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## 11.2 Circles, Spheres, and Hyperspheres

An $$n$$-sphere, written $$S^{n}$$, is defined as the set of $$(n + 1)$$-dimensional unit vectors, $S^{n} = \left\{ x \in \mathbb{R}^{n+1} \: : \: \Vert x \Vert = 1 \right\}.$

Even though $$S^n$$ is made up of points in $$(n+1)$$ dimensions, it is only an $$n$$-dimensional manifold. For example, $$S^2$$ is defined as a set of points in $$\mathbb{R}^3$$, but each such point may be described uniquely by a latitude and longitude. Geometrically, the surface defined by $$S^2$$ in $$\mathbb{R}^3$$ behaves locally like a plane, i.e., $$\mathbb{R}^2$$. However, the overall shape of $$S^2$$ is not like a plane in that is compact (i.e., there is a maximum distance between points). If you set off around the globe in a “straight line” (i.e., a geodesic), you wind up back where you started eventually; that is why the geodesics on the sphere ($$S^2$$) are called “great circles,” and why we need to use some clever representations to do circular or spherical statistics.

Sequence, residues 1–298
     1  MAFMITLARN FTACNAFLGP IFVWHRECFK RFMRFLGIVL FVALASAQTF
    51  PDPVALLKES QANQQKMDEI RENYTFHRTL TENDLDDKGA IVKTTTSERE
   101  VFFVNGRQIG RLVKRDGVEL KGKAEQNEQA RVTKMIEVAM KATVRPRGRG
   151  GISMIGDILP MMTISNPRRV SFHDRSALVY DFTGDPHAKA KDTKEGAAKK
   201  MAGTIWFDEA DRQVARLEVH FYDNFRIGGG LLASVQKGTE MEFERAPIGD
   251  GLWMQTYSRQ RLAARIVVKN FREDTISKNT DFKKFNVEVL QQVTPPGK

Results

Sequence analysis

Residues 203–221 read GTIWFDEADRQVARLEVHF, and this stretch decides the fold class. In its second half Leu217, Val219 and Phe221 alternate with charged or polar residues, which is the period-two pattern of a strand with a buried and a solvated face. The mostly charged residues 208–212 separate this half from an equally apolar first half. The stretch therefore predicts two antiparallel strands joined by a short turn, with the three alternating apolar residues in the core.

Even though $$S^{n-1}$$ behaves locally like $$\mathbb{R}^{n-1}$$, there is no way to smoothly map between them. For example, because latitude and longitude work on a modular basis (wrapping at $$2\pi$$ radians in natural units), they do not produce a smooth map.

Like a bounded interval $$(a, b)$$, in geometric terms, a sphere is compact in that the distance between any two points is bounded.